One virtue of the FM site is its clear position about the politics of 21st century America: I stand against them. Choosing a party today is like cattle at the stockyards choosing a pen. They (being smarter than us) don’t bother with party identification. They don’t cheer the “left-side” pen: the virtue of its prisoners, the beauty of the fence, the free food. Those in the “right-side” pen don’t wear logos or bumper-stickers, or trumpet their superior intelligence over those in the left pen.

Afterword

Please share your comments by posting below.  Per the FM site’s Comment Policy, please make them brief (250 words max), civil, and relevant to this post.  Or email me at fabmaximus at hotmail dot com (note the spam-protected spelling).

For information about this site see the About page, at the top of the right-side menu bar.

For more information

To read other articles about these things, see the FM reference page on the right side menu bar. Of esp relevance to this topic:

Some posts about American politics:

  1. About campaigns for high office in America – we always expect a better result from the same process, 17 June 2009

Posts about the election and the McCain-Palin ticket

  1. Why McCain will lose the election, 1 July 2008
  2. McCain believes we are stupid. Is he correct?, 30 August 2008 — What does choosing Palin say about McCain?  Esp note the intense discussion in the comments.
  3. Alaska is near Russia, and Gov Palin’s other foreign policy experience, 1 September 2008
  4. It’s is not just McCain who believes we’re dumb – it’s a crowd, 3 September 2008
  5. Governor Palin as an archetype for our time, 9 September 2008
  6. Before we reignite the cold war, what happened in Georgia?, 12 September 2008 — Notes from Palin’s first interview.
  7. Stratfor says that our war in Pakistan grows hotter; Palin seems OK with that, 12 September 2008 — More from the ABC interview.
  8. Campaign Update – news from the front, 25 September 2008 — Includes part 1 of Couric’s interview of Palin.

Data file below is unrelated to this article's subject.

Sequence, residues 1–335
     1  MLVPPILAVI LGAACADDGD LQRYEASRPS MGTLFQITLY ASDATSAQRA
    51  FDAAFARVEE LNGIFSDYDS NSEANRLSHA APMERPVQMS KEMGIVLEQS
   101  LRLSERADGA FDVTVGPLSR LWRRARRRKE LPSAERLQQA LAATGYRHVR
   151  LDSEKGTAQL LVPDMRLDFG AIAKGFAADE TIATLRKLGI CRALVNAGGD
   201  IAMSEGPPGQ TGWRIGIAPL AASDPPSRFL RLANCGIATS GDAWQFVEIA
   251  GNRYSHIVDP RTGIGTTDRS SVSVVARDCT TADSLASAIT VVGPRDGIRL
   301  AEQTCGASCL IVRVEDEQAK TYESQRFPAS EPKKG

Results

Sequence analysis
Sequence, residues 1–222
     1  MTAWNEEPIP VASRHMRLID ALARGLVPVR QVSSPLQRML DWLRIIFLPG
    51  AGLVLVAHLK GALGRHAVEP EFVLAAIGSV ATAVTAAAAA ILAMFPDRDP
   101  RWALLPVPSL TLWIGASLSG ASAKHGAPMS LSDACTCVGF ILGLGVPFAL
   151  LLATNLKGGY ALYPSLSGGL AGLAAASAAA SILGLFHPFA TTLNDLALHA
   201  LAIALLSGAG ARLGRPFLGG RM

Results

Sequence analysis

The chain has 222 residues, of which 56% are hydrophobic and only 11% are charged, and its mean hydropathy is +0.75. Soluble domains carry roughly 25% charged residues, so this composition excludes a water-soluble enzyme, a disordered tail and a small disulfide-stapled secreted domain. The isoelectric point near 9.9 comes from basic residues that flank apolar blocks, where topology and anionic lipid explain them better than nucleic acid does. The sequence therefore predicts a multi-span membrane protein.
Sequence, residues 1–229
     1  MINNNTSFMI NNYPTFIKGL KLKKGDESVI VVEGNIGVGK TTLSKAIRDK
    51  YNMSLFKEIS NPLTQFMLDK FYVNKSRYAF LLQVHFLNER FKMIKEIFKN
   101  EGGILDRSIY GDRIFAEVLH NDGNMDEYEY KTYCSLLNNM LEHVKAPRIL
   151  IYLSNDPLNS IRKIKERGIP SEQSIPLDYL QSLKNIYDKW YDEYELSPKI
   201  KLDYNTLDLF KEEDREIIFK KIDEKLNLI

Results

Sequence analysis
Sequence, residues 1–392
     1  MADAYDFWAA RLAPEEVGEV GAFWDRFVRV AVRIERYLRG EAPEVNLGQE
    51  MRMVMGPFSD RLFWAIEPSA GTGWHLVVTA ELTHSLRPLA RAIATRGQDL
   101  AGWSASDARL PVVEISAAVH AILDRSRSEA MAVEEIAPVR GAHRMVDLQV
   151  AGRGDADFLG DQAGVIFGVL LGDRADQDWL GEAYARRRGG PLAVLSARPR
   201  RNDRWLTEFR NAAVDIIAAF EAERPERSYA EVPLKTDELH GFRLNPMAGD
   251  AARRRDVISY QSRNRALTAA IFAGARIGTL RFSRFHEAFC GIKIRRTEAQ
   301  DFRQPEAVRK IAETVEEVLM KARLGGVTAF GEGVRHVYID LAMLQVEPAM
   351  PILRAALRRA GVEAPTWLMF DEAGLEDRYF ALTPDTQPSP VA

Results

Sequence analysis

9. Gov Palin speaks about foreign policy, 26 September 2008 — Part 2 of Couric’s interview.
  10. What happens to the Republican Party after the election?, 2 November 2008
  11. Conservative reflections about America – starting to use their time in the wilderness to think, 15 November 2008
  12. Liberal reflections on the causes of the Republicans’ defeat at the polls, 16 November 2008
  13. A comment about “turkey-gate”, 23 November 2008

3 thoughts on “Flashbacks to November 2008, a moment to regain our perspective

  1. Thanks for the comic relief. Fafblog is a great example of the power of satire to cut through bullshit to get to the essence of a thing. Humor operates via gestalt perception and as such can achieve much higher information density than linear, declarative prose.

    Also worth checking out is his most recent post about the Iraq withdrawal. Happy 4th!
    .
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    From Fafblog, 1 July 2009: “Another Bold Victory in the War on People

    This week the United States moved ever closer to completing its daring humanitarian mission in Iraq: to slowly and grudgingly leave the country, after paying local residents not to kill them, after spending a very long time killing those residents by any means possible, after failing to recruit those residents to work for them, after invading their country and destroying its infrastructure. And to think they said it couldn’t be done.

    Were lives lost? Of course. Were cities razed, flesh burned with poison gas, families slaughtered and children raped? Naturally. But one can’t make an omelet without breaking a few eggs, burning the crockery, setting the kitchen on fire, firebombing the restaurant and summarily executing the survivors. And lest we forget, the cause for which America launched this war was a good and noble one. For although the war neither made America safe nor Iraq free, it did address one critical problem: the apparent existence of some one million surplus human beings living in that nation, which the United States, in its capacity as the forthright leader of the Free World, quickly recognized and sought to correct.

    As America’s work in Iraq gradually draws to a close, we now turn to the problem of too many Afghans living in Afghanistan, the crisis of a Pakistan menaced by hordes of Pakistanis, and the dire encroachment of Iranians on the nation of Iran. We can only hope that the same wisdom that has made America such an enormous force for good in the world will continue to guide its hand.

  2. You said that the dominant philosophies at the end of the Roman empire reflected their resignation. Fafblog is wonderful, I remember being annoyed by it’s long hiatus, however reading it I have to wonder, where the Romans had Stoicism, Epicureanism, Hedonism, and Christianity do we have Irony, Surrealism, Hedonism and Scientology?